Soft shells come into their own in spring skiing conditions. No more frigid temperatures, when I need more insulation, but little risk of continuous heavy rain, when I might face a soaking without a waterproof shell. As at Grand Targhee (see my Field Report), the Exile did well while downhill skiing at Whitewater. Its wind blocking abilities staved off the chills I get very easily while waiting for friends or riding a lift.
On my first backcountry day at Whitewater, however, an extended trek up a steep, rutted skin track soon meant perspiration heavy enough that I removed both the Exile and my intermediate layer, a lightweight down sweater. I don't like winter hiking with only a base layer on top. We had a large group on this day, which meant frequent pauses in hiking when those in front stopped to turn on the switchback or to adjust clothing or equipment. Even when these interruptions from hiking were only a minute or two I began to get cold from the wind or the temperature, and I had to reach for a second layer. Red Ledge says its fabric is breathable, but I found that to be inadequate during heavy exertion at these temperatures. Even with the jacket completely unzipped my armpits and upper body overheated from the Exile's fleece lining, as my pack's sternum strap and hip belt kept the jacket pasted to my back and chest. On the next backcountry day I replaced the Exile with a lighter weight (though still lined) eVENT shell that had pit zips so that I could moderate body temperature more effectively without having to take off my pack and grab another layer each time I paused.
I haven't had this overheating problem when backpacking, but my one trip was a short hike with little elevation gain; we selected our route and camp for fishing access rather than exercise or scenery. An easy route won't always be the case on spring hikes, though, and if I've planned an extended uphill climb I expect to pick a different outer layer. This is less of a problem on day hikes when I'm carrying less and it's easy to stash the Exile on the outside of my pack.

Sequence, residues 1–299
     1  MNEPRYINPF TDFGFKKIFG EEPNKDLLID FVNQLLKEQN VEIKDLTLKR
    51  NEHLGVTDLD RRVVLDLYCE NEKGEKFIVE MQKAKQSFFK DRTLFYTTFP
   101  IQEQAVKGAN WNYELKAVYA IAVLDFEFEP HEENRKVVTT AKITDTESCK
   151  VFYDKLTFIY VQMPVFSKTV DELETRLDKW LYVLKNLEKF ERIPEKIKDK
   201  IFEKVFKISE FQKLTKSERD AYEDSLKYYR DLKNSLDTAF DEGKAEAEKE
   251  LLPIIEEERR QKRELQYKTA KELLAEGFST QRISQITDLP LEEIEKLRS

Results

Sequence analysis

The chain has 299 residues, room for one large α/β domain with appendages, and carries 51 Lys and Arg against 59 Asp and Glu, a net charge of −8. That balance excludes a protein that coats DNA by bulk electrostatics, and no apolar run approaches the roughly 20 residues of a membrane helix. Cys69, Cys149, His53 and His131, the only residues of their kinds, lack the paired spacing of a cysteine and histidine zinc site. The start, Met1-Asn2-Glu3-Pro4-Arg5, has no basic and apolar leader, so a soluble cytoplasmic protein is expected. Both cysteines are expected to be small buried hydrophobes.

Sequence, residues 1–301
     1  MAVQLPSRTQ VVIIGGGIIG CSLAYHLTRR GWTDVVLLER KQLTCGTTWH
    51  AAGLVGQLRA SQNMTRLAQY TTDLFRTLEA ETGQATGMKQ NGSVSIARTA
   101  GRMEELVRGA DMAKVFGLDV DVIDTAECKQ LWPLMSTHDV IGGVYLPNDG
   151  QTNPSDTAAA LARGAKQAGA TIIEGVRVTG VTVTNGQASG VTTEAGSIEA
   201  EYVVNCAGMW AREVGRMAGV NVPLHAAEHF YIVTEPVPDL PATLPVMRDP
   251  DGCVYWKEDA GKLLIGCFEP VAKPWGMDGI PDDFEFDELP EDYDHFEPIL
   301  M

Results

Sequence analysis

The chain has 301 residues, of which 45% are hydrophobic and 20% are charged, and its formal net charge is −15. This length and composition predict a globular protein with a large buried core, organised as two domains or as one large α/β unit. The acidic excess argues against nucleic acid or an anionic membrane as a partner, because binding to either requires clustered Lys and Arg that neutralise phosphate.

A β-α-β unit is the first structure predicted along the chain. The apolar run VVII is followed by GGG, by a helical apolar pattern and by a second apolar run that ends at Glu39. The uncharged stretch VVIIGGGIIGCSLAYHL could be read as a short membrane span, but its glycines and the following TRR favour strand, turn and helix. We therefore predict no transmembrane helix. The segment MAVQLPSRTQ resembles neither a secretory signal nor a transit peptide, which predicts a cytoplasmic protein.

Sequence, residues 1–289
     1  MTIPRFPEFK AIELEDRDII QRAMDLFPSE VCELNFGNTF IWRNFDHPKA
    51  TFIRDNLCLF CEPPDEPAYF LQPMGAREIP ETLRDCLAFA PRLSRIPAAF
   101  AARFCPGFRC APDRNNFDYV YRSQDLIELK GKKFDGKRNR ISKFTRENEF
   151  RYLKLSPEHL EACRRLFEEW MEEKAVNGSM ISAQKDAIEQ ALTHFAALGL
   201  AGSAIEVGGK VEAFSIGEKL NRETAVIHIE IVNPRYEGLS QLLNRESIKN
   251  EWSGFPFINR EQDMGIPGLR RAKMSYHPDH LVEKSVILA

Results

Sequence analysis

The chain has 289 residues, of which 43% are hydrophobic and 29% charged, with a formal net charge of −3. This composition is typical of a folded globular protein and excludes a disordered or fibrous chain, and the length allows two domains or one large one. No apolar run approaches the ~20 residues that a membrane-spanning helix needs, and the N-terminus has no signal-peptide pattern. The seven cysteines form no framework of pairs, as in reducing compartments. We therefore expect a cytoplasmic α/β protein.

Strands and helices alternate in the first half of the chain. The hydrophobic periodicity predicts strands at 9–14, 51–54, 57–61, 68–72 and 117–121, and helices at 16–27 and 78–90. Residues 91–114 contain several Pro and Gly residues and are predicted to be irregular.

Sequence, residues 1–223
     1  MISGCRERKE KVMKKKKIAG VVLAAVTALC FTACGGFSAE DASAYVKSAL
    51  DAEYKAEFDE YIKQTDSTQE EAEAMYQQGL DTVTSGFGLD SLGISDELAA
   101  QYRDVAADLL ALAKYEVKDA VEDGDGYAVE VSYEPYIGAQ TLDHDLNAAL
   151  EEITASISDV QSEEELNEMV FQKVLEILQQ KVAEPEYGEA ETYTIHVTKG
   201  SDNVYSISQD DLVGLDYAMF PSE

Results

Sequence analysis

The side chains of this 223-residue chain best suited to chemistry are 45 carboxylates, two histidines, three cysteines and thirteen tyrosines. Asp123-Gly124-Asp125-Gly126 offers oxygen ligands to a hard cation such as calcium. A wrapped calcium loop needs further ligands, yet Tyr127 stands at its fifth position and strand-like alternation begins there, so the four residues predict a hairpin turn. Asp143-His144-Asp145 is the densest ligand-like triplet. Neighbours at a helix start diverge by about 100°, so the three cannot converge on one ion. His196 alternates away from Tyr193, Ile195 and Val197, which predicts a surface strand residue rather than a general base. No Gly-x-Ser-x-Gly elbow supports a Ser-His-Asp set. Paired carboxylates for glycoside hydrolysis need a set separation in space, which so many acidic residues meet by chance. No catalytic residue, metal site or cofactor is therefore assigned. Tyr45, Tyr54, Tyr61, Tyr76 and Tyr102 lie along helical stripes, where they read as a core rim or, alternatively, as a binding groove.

The Exile's waterproofing has served me well when I wore the jacket on ski days. Just as during the Field Test period, during the past two months I had no wetting out from snow melting and seeping through the shell or from perspiration soaking the lining. Very impressive performance, far better than I've experienced with any other soft shell. To my mind this bears out Red Ledge's advertising as "waterproof." Wind resistance is also excellent.
The Exile has become my casual, everyday jacket of choice during February and March. Windproof, pleasant warming especially early in the morning or late at night, a hood available when needed, and smart styling, it's perfect for wearing over a tee shirt in Texas or over a wool shirt or sweater around town in the Rockies. Water repellency during snowstorms promises that it will keep me dry in mist or light rain, too.
The Exile took a trip through the washer and dryer, as promised in my Field Report, although it didn't really need it. After washing with Atsko Sport Wash and drying on low it came out looking good as new, with no noticeable pilling or static electricity.
The Exile has much in its favor:
· Windproof and, at least in the conditions to which I've exposed it, waterproof. As advertised. A major achievement for a soft shell.
· Fleece-lined pockets
· Trail debris, Clif Bar crumbs, and other tiny particles that usually adhere to fleece either don't or brush right off. Particularly appreciated in the pockets.
· Really, I like everything about the fleece. It's still soft, and neither excessive perspiration nor regular friction against other layers or my suspender straps has caused any bare spots or pilling.
· Napoleon pocket
· Durable and handsome
In my Field Report I mentioned the Exile's failing to pack down very well, but in that respect it's no worse than any other soft shell I've tried, and really no worse than any of my lined hard shell alternatives. Lack of ventilation is my only real complaint. This significantly limits use of the Exile when I'm wearing a pack to colder temperatures. Adding pit zips would greatly expand this jacket's range of springtime use by reducing over-insulation at temperatures at which more venting is needed.
This concludes my Test Report. I have enjoyed wearing the Exile in the woods and around town. I shall continue to do so in the proper conditions for quite a while to come. Thanks to BackpackGearTest.org and Red Ledge for the opportunity.
Read more gear reviews by Richard Lyon
Reviews > Clothing > Jackets > Red Ledge Unisex Exile Softhell > Test Report by Richard Lyon